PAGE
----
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Ann Clin Neurophysiol > Volume 24(2); 2022 > Article
Kim: Diagnosis of complex regional pain syndrome


Complex regional pain syndrome (CRPS) is a chronic regional pain disorder that most frequently affects the limbs. It is characterized by hyperalgesia, allodynia, edema, motor disturbance, and vasomotor instability, and typically occurs following surgery or trauma. In type-I CRPS there is no confirmed nerve injury, while peripheral nerve injury is present in type-II CRPS. The multifactorial pathophysiological etiology of CRPS includes inflammation, autoimmune responses, abnormal cytokine production, autonomic dysfunction, altered blood flow, psychological factors, and central cortical reorganization. There are no specific laboratory diagnostic tools for CRPS, and so it is diagnosed clinically. The Budapest criteria are currently the most-accepted diagnostic criteria.


Complex regional pain syndrome (CRPS) is a chronic pain disorder that frequently causes allodynia (disproportionately increased pain response to a nonnoxious stimulus) and hyperalgesia (disproportionately increased pain response to a mildly noxious stimulus) in the extremities and other body regions. It occurs most frequently after trauma or surgery, and the pain experienced is excessive relative to the severity of the event and the amount of tissue damage.1 Clinical manifestations include autonomic dysfunction, hyperalgesia, edema, vasomotor instability, and spontaneous pain. Changes in the understanding of the illness over time have made diagnosing and managing CRPS challenging. Furthermore, a CRPS diagnosis cannot be confirmed by a single test, and so clinical diagnostic criteria for CRPS have been developed by clinicians and researchers based on the existing knowledge in the absence of information on the precise cause of CRPS. The clinical presentation and disease course of CRPS both vary. Despite receiving treatment, many patients have a poor prognosis, and their quality of life can be severely impacted. Reducing disease progression and improving the quality of life require early diagnosis and initiation of treatment.2 This review provides an update on the current literature related to the epidemiology, pathophysiology, clinical manifestations, and diagnosis of CRPS.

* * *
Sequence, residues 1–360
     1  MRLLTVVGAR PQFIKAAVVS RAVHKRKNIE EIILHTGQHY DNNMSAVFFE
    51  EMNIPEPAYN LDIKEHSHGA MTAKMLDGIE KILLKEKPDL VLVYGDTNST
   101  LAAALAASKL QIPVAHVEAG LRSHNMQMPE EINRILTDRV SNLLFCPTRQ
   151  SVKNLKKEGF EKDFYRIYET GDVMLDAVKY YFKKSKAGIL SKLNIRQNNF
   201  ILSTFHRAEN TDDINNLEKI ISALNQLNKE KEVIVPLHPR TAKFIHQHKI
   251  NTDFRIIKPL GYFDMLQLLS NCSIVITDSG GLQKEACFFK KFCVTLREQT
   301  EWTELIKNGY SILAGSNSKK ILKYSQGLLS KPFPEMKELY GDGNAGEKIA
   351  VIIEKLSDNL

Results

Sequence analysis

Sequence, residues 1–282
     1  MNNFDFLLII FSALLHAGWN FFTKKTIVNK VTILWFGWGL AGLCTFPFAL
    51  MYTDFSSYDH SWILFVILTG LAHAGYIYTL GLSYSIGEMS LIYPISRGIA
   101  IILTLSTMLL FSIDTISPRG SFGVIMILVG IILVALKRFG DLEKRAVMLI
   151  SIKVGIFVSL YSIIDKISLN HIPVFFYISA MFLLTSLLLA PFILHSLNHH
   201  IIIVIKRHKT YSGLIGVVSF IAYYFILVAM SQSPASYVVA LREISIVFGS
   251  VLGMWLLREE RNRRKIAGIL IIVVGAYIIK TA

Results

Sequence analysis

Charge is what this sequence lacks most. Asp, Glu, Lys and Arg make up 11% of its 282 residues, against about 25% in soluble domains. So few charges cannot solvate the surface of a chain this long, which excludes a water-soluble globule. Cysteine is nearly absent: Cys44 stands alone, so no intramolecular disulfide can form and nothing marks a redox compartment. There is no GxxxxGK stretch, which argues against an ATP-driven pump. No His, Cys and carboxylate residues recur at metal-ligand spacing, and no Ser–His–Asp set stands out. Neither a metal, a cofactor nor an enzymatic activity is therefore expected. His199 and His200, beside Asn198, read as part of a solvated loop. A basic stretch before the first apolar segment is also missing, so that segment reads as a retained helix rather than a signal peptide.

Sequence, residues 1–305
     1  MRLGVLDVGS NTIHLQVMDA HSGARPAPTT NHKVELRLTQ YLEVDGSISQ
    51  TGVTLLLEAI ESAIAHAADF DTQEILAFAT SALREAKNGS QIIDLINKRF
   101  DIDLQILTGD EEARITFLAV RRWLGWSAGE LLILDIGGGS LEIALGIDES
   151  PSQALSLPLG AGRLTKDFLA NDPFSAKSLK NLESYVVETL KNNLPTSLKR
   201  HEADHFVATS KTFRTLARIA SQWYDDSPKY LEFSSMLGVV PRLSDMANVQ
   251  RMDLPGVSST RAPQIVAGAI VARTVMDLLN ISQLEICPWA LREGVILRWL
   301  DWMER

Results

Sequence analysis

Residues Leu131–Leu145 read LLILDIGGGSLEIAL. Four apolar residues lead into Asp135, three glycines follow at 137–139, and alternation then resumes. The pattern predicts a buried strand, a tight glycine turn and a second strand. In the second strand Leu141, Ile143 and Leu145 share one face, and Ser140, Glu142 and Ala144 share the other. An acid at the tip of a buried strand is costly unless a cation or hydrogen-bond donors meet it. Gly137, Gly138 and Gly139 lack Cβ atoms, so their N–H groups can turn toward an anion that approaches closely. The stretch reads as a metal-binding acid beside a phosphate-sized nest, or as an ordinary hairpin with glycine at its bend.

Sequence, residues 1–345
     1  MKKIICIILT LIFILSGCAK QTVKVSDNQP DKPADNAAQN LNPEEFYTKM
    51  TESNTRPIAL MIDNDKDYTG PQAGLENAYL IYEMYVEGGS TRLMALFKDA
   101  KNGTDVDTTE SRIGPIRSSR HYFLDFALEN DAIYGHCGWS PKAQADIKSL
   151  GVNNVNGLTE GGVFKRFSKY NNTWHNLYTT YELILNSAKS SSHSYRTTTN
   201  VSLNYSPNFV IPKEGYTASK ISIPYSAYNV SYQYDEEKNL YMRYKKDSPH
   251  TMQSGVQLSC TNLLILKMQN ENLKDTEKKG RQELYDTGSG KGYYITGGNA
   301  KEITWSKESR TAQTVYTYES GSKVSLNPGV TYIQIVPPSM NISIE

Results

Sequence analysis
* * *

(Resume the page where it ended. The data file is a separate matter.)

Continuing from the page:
The definition of and diagnosis methods for CRPS have evolved over time. There are now more than 100 names for this disorder in the literature, depending on the triggering event, the predominating symptoms, the specialty and country of origin of the treating physician, and the hypothesized pathogenic mechanism.3 “Reflex sympathetic dystrophy,” “causalgia,” “algoneurodystrophy,” and “Sudeck’s atrophy” were historically used as names for this syndrome (Table 1),4 with “reflex sympathetic dystrophy” (RSD) being the most frequently accepted one. The term RSD was introduced by Evans in 1946 in an attempt to unify both causalgia and similar entities being due to a hyperactive sympathetic nervous system.5 The general consensus regarding CRPS has been reported as follows: “CRPS describes an array of painful conditions that are characterized by continuing (spontaneous and/or evoked) regional pain that is seemingly disproportionate in time or degree to the usual course of any known trauma or other lesion. The pain is regional (not in a specific nerve territory or dermatome) and usually has a distal predominance of abnormal sensory, motor, sudomotor, vasomotor, and/or trophic findings. The syndrome shows variable progression over time.”6 CRPS can be classified into two categories: (1) type-I CRPS (CRPS-I, the form also known as RSD), which is when there is no confirmed nerve injury, and (2) type-II CRPS (CRPS-II, formerly termed “causalgia”), which is associated with nerve injury.1 Some researchers additionally distinguish between “warm” and “cold” CRPS subtypes:7 increased skin temperature at outset of symptoms distinguishes warm CRPS, further indicating that it is an inflammatory form, while decreased skin temperature at the onset of symptoms distinguishes cold CRPS.